Survey me not
I am occasionally annoyed at how frequently my inbox contains a survey. No, that’s not completely true. I am often hacked off at these relentless idiots. I know they need marketing feedback to run their business, but daily? Enuf already.
Everybody wants my opinion. I never realized that what I thought was so valuable to so many. A recent purchase was typical of the new nosiness.
A few weeks ago I bought a knit top from a catalogue company I particularly like. Okay, so I’m a good customer.
The tunic, which I planned on wearing when we traveled to New Jersey last weekend, arrived on time. Naturally, I tried it on but I liked it so much I wore it out that evening. And like so many evenings out, I slobbered some salad dressing on it. It goes with my age group. I should only wear multi-colored prints.
In order to take the new tunic on our trip, I spot-cleaned and washed it. It came out of the dryer perfectly clean but sadly sporting a hole at the neckline. So much for new New Jersey duds.
It’s not like I had nothing else to wear – I already said I was a good customer – but now there’s the rigamarole of returning it for replacement.
While the new top was in the washer, I opened my e-mail. The survey questions were lurking there, just waiting for my morning check-in:
“Your purchase arrived yesterday. Please tell us your level of satisfaction with your purchase.” Well, it was fine until I wore it and supplemented its good looks with liquid Roquefort. Was I satisfied with the quality, the fit, the color? Did it meet my expectations?
I responded, but only because I like them. I hit the send button before I heard the dryer buzzer and I saw the damage results. The hole appeared to have been clipped with scissors – an obvious oversight. I called Customer Service.
They were polite, even helpful, although of course, my replacement top wouldn’t arrive before we trucked out of the driveway. Was there another destination they could send it to? Nope. With my luck, it would arrive in New Jersey 17 minutes after we left for Philadelphia. Not taking that chance for superior service.
Within the hour I received a survey on my Customer Service experience. I was packing so I deleted it. When we arrived home from our trip, the replacement was in our mail pile. And so was the questionnaire.
Gad, these people are insecure.
I decided to take my own personal survey of these badgers. Let me see . . . there was the new car survey both from the dealer and the manufacturer. The manufacturer’s inquiries are on a rotating schedule. By the time the surveys work their way through the complete auto systems, I’ll be ready for a trade-in. STOP.
I had lab work and radiology recently. Both spun off a survey about hospital courtesy and wait times.
We bought a new refrigerator – an emergency purchase this past winter – resulting in a survey from both Lowe’s and the manufacturer.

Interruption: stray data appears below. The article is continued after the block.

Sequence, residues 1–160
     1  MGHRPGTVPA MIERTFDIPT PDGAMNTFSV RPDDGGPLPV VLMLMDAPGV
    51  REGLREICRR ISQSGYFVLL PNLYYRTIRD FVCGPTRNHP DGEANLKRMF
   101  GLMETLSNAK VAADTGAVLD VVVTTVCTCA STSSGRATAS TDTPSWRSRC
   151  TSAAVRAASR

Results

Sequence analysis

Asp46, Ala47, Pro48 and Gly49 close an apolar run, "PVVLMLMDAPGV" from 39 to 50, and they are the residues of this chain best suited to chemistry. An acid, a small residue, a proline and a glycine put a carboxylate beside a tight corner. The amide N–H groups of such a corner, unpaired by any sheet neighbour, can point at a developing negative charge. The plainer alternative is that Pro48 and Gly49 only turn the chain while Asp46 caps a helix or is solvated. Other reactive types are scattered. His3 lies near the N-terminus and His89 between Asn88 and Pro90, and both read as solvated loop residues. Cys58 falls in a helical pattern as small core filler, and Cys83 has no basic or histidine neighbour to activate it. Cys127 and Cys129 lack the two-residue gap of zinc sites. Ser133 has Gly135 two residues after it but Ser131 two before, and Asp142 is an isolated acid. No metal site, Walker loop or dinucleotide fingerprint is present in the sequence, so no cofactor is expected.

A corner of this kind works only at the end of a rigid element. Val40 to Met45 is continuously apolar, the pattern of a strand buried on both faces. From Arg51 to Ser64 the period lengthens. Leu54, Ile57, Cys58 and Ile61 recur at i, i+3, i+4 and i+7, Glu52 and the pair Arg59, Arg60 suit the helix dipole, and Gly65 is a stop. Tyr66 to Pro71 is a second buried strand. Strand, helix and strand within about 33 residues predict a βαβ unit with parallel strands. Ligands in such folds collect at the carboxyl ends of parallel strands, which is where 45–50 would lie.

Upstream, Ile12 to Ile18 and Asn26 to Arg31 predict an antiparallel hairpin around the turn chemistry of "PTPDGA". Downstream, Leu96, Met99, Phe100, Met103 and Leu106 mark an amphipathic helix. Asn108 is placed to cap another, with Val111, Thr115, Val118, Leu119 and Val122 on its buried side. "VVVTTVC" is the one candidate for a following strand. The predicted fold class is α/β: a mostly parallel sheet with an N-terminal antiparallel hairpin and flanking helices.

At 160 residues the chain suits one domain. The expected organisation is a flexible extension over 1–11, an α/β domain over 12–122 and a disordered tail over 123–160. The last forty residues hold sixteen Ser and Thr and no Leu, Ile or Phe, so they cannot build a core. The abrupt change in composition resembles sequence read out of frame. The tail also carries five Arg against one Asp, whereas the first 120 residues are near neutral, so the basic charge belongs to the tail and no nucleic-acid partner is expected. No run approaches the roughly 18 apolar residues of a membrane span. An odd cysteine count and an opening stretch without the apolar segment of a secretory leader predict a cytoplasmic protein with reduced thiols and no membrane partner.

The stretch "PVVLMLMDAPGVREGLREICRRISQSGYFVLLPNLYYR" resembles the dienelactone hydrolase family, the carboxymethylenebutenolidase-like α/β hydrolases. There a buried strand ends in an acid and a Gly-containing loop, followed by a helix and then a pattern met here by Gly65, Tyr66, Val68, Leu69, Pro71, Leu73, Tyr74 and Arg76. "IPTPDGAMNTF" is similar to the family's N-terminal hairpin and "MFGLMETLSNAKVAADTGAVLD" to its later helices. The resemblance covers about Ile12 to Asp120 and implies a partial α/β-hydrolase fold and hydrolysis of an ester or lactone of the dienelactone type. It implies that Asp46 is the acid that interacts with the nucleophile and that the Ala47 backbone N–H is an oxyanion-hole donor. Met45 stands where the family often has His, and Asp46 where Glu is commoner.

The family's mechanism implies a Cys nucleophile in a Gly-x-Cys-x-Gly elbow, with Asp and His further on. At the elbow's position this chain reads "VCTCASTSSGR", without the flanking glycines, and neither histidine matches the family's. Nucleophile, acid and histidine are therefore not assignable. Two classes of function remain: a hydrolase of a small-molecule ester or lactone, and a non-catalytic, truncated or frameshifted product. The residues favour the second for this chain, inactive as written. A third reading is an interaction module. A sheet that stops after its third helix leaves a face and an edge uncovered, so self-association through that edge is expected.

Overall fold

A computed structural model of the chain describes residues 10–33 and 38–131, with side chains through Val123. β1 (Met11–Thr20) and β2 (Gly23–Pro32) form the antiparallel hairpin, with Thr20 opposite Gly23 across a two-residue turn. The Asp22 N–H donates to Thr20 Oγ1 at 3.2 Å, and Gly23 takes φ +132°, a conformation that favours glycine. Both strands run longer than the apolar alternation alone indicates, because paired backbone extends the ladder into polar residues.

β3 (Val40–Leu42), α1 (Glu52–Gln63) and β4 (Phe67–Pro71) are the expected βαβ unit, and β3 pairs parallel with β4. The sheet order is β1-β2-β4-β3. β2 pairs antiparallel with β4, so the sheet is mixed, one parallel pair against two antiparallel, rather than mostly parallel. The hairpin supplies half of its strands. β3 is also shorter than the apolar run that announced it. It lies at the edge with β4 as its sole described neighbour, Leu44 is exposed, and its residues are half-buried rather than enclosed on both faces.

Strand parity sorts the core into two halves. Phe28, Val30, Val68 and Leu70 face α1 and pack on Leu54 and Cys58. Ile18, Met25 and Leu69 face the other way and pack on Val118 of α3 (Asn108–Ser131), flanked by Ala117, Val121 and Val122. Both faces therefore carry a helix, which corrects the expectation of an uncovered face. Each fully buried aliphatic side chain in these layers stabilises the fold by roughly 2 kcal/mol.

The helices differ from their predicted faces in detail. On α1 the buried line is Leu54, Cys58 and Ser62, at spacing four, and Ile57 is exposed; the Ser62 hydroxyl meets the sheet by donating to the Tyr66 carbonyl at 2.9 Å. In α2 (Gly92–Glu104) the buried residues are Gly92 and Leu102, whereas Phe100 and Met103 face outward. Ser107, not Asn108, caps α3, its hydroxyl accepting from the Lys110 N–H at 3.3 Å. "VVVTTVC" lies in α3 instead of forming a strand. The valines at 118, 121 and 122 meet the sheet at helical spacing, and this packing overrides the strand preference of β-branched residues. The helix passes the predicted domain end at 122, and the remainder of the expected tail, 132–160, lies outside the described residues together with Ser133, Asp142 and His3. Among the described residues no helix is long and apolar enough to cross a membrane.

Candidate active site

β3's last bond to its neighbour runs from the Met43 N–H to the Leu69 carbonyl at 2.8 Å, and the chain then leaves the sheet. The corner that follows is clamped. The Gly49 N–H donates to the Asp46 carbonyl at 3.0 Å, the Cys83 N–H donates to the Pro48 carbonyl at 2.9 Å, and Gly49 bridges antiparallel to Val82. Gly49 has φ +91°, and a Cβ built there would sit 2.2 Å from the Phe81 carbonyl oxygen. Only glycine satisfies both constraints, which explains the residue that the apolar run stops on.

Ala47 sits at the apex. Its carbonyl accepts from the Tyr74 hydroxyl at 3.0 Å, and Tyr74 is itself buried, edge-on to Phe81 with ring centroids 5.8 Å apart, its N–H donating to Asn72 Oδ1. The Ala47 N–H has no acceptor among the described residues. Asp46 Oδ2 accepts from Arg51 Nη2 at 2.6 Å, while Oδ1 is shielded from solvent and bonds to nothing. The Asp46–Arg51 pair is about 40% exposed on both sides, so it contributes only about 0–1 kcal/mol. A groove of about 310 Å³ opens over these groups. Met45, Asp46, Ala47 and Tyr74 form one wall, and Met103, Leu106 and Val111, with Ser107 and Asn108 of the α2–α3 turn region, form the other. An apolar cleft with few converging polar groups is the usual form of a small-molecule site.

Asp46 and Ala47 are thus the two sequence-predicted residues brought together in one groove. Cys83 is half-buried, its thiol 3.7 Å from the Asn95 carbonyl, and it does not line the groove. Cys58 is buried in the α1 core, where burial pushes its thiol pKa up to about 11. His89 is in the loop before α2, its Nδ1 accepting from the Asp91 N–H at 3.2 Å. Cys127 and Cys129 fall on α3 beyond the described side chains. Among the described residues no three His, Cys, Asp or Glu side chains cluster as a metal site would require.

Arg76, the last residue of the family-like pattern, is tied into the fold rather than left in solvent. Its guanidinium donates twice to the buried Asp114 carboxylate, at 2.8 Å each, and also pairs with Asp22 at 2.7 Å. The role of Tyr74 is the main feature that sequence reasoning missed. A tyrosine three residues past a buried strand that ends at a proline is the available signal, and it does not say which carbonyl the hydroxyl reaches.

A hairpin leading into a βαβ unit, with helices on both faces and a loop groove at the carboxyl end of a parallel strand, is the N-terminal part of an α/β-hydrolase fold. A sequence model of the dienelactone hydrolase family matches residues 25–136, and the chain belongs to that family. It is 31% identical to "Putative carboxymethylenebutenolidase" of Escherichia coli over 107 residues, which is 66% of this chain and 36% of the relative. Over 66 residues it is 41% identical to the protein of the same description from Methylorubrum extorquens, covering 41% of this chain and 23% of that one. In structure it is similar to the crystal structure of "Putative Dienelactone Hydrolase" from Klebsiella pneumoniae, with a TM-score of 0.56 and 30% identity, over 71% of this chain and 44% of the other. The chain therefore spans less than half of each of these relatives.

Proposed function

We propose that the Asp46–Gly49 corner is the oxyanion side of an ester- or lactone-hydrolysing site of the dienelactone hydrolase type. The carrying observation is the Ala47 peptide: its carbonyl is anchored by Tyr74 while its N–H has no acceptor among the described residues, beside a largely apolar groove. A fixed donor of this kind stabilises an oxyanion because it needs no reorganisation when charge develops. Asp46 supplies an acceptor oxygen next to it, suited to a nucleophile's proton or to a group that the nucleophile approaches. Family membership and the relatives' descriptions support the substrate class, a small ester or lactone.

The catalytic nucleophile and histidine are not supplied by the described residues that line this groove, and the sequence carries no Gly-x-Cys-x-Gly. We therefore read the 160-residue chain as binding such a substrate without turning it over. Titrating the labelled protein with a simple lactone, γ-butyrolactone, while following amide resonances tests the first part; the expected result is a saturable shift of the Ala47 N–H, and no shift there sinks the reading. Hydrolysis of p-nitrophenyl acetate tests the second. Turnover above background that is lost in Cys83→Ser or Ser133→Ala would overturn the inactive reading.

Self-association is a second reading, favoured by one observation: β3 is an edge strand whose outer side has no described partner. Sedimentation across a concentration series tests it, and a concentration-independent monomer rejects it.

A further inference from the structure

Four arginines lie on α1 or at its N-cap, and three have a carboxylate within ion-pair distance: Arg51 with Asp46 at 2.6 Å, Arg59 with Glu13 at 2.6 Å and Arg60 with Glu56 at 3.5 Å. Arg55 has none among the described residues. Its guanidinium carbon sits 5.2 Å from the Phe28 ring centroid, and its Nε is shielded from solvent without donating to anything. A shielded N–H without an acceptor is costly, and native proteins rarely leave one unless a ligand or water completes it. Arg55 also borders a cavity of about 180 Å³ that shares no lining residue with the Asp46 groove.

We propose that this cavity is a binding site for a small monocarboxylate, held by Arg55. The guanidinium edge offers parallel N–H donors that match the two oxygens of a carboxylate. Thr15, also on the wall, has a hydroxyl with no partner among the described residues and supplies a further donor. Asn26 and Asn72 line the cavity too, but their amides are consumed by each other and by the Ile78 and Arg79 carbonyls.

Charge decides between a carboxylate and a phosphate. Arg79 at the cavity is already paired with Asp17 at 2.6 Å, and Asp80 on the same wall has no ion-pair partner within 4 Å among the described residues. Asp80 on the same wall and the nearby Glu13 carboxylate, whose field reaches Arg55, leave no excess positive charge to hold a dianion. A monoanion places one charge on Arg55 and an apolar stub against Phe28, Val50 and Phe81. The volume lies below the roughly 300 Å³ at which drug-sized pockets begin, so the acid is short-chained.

Every purchase from Amazon – and they always come with a suggestion about another product I would enjoy. I haven’t had a chance to “enjoy” this one so how would I know? Better question, how do they know? Oh yeah – their “market research.”
So the parade of surveys continues year round. The bank. The credit union. My friends at Jet Blue. And Southwest Airlines. Anyone who has my e-mail address for any reason wants my opinion.
Funny how no one ever asks, “Were our prices too high?” Some ask about value, but then you have to explain. They all want supplemental paragraphs. They want to know me better to serve me better. Frankly, they can only serve me better when they have a sale at that rare moment that I need the item they have marked down. Happens every three years or so.
On our just-completed trip, I have so far received surveys from Hilton and Air BnB and the three national chain stores where we made small purchases – ones that already have my contact info.
I bought a cheese knife at an outlet in Lancaster. I was already in their system with my charge account. The salesperson was perfectly nice. She wasn’t brusque nor was she gushing. She did her job. When I arrived home I learned from the survey waiting for me that her name was Erin.
“Tell us about your experience with Erin.” ???? Experience with Erin? She rang up one item and put it in a bag. “How many stars can you give Erin on her sales performance?” Sales performance? She didn’t sell me anything – I waited on myself. She rang up the purchase. That ain’t salesmanship. “Would I care to elaborate?” Noooooo.
“Your feedback will be shared with Erin, but your personal details will be kept anonymous. Store leadership may reach out in the event of an unfavorable experience.” Poor Erin. Doesn’t it just make you want to write something negative to see how the “reaching out” goes? NOT.
Who has time for this?
Over the weekend we were in Costco with Richard’s family while they bought the roast for dinner. It was a mob scene. We sampled our way through lunchtime, munching on sausages, chicken Teriyaki, curried coleslaw, cheesecake and washing it down with Starbucks samples. I think half of Bergen County was there for the free lunch. One booth asked me if I would fill out a tasting survey. I declined after spotting the space for my e-mail address. You aren’t snagging me for a mere bite of turkey wrap.
When I arrived home my e-mail inbox had 397 messages. Eleven were surveys. And you know, now that I’m fully retired, I still don’t have time for this annoyance. I have a message for these companies:
Dear American Business,
Sell me a performing product at a fair price.
Then do what all our mothers taught us:
Ask me no questions. I’ll tell you no lies.
That’s my opinion. Now go away.